The Link Between IBS and Depression

Unfortunately, people often end up dealing with more than one health problem at a time. And sometimes, there may be shared underlying factors that result in a person's experiencing an increased chance of having more than one disorder. This seems to be the case with irritable bowel syndrome (IBS) and depression. This overview takes a look at what is known about the overlap of these two conditions, and what you can do to best manage the symptoms of both disorders.

Depressed woman hugging knees
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What Is Depression?

Depression is an illness characterized by a persistent low mood or loss of interest or pleasure accompanied by a variety of other symptoms that interfere with a person's ability to function and enjoy life. Symptoms of depression may include:

  • Changes in appetite and weight
  • Difficulty concentrating
  • Difficulty falling asleep and/or difficulty staying asleep
  • Feelings of hopelessness, low self-esteem, excessive guilt, and pessimism
  • Lack of energy and motivation
  • Social isolation
  • Suicidal ideation and attempts

There are several depressive orders with different features, including:

  • Disruptive mood dysregulation disorder
  • Postpartum depression
  • Dysthymic disorder
  • Premenstrual dysphoric disorder (PMDD)

Overlap of IBS and Depression

The most commonly diagnosed psychiatric disorder in IBS patients is depression. Researchers reviewed six studies and found that depression levels were significantly higher in IBS patients compared to healthy individuals. These numbers are higher than the rates of depression seen in patients who have inflammatory bowel disease (IBD) or in healthy individuals.

Why would IBS patients be at higher risk for depression? Researchers have been looking for answers. One area of inquiry has to do with early childhood trauma. Prevalence rates for childhood sexual and/or emotional abuse in IBS patients range widely, with some estimates as high as 50%. Experiencing such trauma also puts a person at risk for the development of a mood disorder such as depression.

IBS researchers have also been looking at the role that the neurotransmitter serotonin plays in both disorders. Serotonin is involved in many of the functions of digestion and plays a key role in communication between our brains and our guts. Serotonin levels are also associated with depression symptoms although the mechanism behind this relationship is not fully understood. Thus, problems with the body's regulation of serotonin may be behind the overlap.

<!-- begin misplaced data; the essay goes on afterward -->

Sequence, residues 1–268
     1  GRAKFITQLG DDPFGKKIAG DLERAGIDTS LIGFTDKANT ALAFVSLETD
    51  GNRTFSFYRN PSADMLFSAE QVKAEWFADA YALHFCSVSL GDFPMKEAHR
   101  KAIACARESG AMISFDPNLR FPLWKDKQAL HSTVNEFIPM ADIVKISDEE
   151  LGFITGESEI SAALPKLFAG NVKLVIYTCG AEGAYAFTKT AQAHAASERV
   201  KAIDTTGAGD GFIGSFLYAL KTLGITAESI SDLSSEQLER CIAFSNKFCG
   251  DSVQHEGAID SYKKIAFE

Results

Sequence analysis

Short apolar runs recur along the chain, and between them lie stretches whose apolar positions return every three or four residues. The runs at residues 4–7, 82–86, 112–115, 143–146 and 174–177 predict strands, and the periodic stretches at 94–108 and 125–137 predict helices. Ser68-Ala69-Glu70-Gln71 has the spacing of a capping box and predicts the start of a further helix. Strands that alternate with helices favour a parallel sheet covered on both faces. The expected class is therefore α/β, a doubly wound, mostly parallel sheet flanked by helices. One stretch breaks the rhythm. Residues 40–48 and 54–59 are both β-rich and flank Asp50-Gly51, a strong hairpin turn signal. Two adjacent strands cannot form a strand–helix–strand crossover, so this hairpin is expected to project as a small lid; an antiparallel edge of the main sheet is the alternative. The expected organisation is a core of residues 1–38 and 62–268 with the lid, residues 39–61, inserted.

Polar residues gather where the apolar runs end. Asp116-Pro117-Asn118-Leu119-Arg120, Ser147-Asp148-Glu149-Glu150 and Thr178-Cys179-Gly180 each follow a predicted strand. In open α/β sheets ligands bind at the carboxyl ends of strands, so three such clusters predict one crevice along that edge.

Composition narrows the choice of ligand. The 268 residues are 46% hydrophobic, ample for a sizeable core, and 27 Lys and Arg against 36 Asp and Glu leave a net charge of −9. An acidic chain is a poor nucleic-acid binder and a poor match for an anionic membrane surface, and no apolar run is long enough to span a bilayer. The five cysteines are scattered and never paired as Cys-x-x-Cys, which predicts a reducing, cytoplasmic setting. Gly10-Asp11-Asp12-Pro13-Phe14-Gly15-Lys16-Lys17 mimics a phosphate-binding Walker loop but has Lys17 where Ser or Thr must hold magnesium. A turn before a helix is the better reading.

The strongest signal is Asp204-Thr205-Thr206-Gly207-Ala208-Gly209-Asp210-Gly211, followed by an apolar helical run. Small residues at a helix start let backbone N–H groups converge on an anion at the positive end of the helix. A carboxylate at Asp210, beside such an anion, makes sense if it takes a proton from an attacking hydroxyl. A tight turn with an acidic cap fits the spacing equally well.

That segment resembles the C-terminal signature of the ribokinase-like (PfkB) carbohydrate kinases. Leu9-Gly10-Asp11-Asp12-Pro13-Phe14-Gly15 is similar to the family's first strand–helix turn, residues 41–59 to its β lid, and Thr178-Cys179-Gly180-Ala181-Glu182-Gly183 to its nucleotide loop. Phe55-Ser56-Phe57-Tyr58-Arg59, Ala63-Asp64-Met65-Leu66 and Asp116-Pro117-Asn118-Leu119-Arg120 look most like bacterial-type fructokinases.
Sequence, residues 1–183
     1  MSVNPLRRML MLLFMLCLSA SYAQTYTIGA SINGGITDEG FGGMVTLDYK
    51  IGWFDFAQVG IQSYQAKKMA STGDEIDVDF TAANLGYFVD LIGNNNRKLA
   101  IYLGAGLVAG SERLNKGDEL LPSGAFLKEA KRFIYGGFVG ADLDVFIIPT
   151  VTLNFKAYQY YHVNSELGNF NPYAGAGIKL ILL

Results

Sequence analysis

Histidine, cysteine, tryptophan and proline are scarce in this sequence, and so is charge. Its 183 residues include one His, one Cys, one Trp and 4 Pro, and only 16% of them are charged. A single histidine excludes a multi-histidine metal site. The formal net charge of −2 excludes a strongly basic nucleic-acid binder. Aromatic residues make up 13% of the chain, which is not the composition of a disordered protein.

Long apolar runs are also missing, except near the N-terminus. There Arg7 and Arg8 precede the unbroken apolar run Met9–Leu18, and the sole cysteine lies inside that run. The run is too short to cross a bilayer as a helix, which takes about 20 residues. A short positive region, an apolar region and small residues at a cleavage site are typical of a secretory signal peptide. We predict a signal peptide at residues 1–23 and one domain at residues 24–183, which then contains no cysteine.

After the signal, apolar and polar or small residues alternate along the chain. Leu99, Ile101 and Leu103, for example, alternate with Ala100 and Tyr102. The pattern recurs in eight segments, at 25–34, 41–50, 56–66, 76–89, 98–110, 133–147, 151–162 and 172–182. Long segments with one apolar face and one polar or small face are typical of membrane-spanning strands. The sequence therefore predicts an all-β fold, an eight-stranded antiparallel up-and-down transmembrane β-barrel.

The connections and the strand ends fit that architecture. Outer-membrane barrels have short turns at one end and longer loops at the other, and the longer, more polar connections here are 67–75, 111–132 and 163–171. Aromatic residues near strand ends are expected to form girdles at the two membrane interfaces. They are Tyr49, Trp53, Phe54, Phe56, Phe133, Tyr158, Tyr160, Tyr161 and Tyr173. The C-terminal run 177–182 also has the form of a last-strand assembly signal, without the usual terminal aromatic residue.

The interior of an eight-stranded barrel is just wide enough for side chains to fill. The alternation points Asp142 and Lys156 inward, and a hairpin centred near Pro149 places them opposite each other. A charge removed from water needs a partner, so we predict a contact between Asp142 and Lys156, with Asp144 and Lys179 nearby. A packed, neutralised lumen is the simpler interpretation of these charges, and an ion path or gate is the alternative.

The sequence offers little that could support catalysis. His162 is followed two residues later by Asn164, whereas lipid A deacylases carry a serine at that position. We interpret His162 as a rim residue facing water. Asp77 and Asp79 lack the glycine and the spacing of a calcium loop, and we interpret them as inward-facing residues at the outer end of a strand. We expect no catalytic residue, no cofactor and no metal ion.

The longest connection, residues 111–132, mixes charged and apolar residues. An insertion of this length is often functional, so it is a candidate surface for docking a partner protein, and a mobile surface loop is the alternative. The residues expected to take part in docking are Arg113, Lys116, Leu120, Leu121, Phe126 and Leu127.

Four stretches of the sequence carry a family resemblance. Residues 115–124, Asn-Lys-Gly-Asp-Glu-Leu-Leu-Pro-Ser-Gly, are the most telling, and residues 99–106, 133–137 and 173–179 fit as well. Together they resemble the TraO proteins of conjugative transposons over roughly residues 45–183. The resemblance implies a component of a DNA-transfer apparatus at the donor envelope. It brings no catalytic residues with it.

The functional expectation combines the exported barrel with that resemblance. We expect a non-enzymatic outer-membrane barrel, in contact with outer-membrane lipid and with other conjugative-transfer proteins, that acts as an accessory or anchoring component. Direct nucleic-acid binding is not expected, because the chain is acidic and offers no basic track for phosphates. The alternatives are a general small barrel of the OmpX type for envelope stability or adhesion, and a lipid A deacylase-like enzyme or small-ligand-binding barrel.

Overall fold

Another good question is whether having IBS can cause depression. A large 12- year study did find that having IBS at the beginning of the study was associated with higher levels of anxiety and depression at the end of the study. However, the inverse was also true. Individuals who had higher levels of anxiety and depression at the beginning of the study were at a greater risk for the development of IBS by the end of the study. The study researchers conclude that dysfunction behind both disorders can occur in either direction, i.e. from the brain to the gut or from the gut to the brain.

What to Do if You Have Both

Although having two disorders at the same time can certainly be filed under the "life is not fair" category, there is a bit of a silver lining. What is good for one disorder may also prove helpful for the other disorder. You may find this particularly in the area of prescription medication.

Although it is considered an off-label use, antidepressants are frequently prescribed to IBS patients due to their beneficial effect on pain and gut functioning. It is thought that this helpful effect is due to the effect of the antidepressant on serotonin and other neurotransmitters.

Tricyclic antidepressants are a class of antidepressants that slow down the intestinal tract, possibly making them the better choice for patients who have diarrhea predominant irritable bowel syndrome (IBS-D).

Selective Serotonin Reuptake Inhibitors (SSRIs) are a class of antidepressants that are thought to only target serotonin, resulting in less unwanted side effects, including constipation. Thus, a person who has constipation-predominant irritable bowel syndrome (IBS-C) may be better served to have his/her depression addressed by a medication from this class.

Another avenue to consider is the use of cognitive behavioral therapy (CBT). CBT has strong research support in helping to relieve the symptoms of both depression and IBS.

6 Sources
Verywell Health uses only high-quality sources, including peer-reviewed studies, to support the facts within our articles. Read our editorial process to learn more about how we fact-check and keep our content accurate, reliable, and trustworthy.
  1. American Psychiatric Association. What is depression? January 2017.

  2. Lee C, Doo E, Choi JM, et al. The increased level of depression and anxiety in irritable bowel syndrome patients compared with healthy controls: systematic review and meta-analysisJ Neurogastroenterol Motil. 2017;23(3):349–362. doi:10.5056/jnm16220

  3. Surdea-blaga T, Băban A, Dumitrascu DL. Psychosocial determinants of irritable bowel syndrome. World J Gastroenterol. 2012;18(7):616-26. doi:10.3748/wjg.v18.i7.616

  4. American Psychological Association. That gut feeling. September 2012.

  5. Koloski NA, Jones M, Kalantar J, Weltman M, Zaguirre J, Talley NJ. The brain--gut pathway in functional gastrointestinal disorders is bidirectional: a 12-year prospective population-based study. Gut. 2012;61(9):1284-90.

  6. Kinsinger SW. Cognitive-behavioral therapy for patients with irritable bowel syndrome: current insightsPsychol Res Behav Manag. 2017;10:231–237. doi:10.2147/PRBM.S120817

By Barbara Bolen, PhD
Barbara Bolen, PhD, is a licensed clinical psychologist and health coach. She has written multiple books focused on living with irritable bowel syndrome.